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NBA approves draft lottery reform to dissuade tanking

By The Sports Xchange
NBA approves draft lottery reform to dissuade tanking
The NBA Board of Governors has voted in favor of lottery reform. Photo by John Angelillo/UPI | License Photo

The NBA Board of Governors approved draft lottery reform on Thursday, reducing the chances of teams tanking to land one of the top three picks.

The motion passed by a 28-1-1 vote. The Oklahoma City Thunder voted against it and the Dallas Mavericks abstained.

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Also passed was an item allowing NBA commissioner Adam Silver to fine teams for sitting healthy players in certain situations, primarily nationally televised games.

In addition, Toronto Raptors minority owner Larry Tanenbaum was elected as new chairman of the Board of Governors on the second and final day of the governors' meetings.

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The lottery reform is aimed at limiting the practice of teams not pushing to win games in hopes of having better odds to land high picks in the lottery.

The approved reform, which easily surpassed the required three-quarters majority, will have the teams with the three worst records each having a 14 percent chance at landing the No. 1 overall pick.

In the current system, the team with the worst record has a 25 percent chance, followed by 19.9 for the second-worst record and 15.6 for the third.

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A fourth team will be part of the lottery draw and that team will have a 12.5 percent chance at landing the top pick.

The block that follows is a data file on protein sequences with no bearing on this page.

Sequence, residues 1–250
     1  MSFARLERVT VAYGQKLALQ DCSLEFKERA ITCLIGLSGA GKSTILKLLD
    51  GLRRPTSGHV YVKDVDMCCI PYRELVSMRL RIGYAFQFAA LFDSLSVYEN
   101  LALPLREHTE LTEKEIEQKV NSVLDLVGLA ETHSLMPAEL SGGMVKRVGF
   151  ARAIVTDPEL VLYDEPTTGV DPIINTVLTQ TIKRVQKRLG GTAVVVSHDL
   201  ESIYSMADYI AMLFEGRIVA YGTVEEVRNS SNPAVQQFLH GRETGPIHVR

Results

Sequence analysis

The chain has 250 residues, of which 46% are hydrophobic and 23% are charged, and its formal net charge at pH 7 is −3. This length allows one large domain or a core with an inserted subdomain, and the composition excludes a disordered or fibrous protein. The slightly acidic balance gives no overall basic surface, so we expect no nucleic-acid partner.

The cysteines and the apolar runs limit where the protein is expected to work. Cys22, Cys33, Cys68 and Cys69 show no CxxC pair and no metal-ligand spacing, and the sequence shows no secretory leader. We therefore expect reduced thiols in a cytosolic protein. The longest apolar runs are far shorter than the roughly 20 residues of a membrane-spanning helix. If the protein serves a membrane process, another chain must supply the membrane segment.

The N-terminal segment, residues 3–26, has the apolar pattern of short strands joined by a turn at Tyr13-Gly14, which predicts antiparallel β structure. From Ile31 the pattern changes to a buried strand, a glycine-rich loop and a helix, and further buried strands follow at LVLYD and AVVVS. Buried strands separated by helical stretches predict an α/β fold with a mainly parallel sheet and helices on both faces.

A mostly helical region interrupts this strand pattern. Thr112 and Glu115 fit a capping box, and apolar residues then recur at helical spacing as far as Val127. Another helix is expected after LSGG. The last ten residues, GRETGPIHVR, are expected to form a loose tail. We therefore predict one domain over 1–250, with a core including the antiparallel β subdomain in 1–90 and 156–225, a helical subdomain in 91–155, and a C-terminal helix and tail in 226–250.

The team with the worst record can pick no lower than fifth.

"NBA Draft Lottery reform is a meaningful step in our continuous effort to enhance the quality of our games," Byron Spruell, NBA president of league operations, said in a statement. "These changes were necessary to improve the competitive incentives for our teams."

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The player rest proposal prohibits healthy players from being rested for any high-profile nationally televised game. A violation of the policy will be viewed as conduct detrimental to the NBA and result in a fine of at least $100,000.

Teams such as the Golden State Warriors, Cleveland Cavaliers and San Antonio Spurs rested star players for national telecasts on ABC, ESPN or TNT last season, helping lead to Thursday's action.

The new policy also states that a team should not rest multiple healthy players in the same game or rest healthy players when competing on the road.

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Tanenbaum is the first Canadian to be named the chairman of the NBA Board of Governors. He will succeed Minnesota Timberwolves owner Glen Taylor.

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Tanenbaum is chairman of Maple Leaf Sports & Entertainment and has been with a governor with the Raptors since 1998. He also holds similar titles with the NFL Toronto Maple Leafs and Major League Soccer's Toronto FC.

"It is a great honor to have been elected as Chairman of the NBA Board of Governors, for both myself and the Toronto Raptors franchise," Tanenbaum said in a statement. "I look forward to working closely with Commissioner Silver, the league office and my fellow owners in this capacity to grow the game around the world and continually look for opportunities to better this great league for our teams, our players and our fans."

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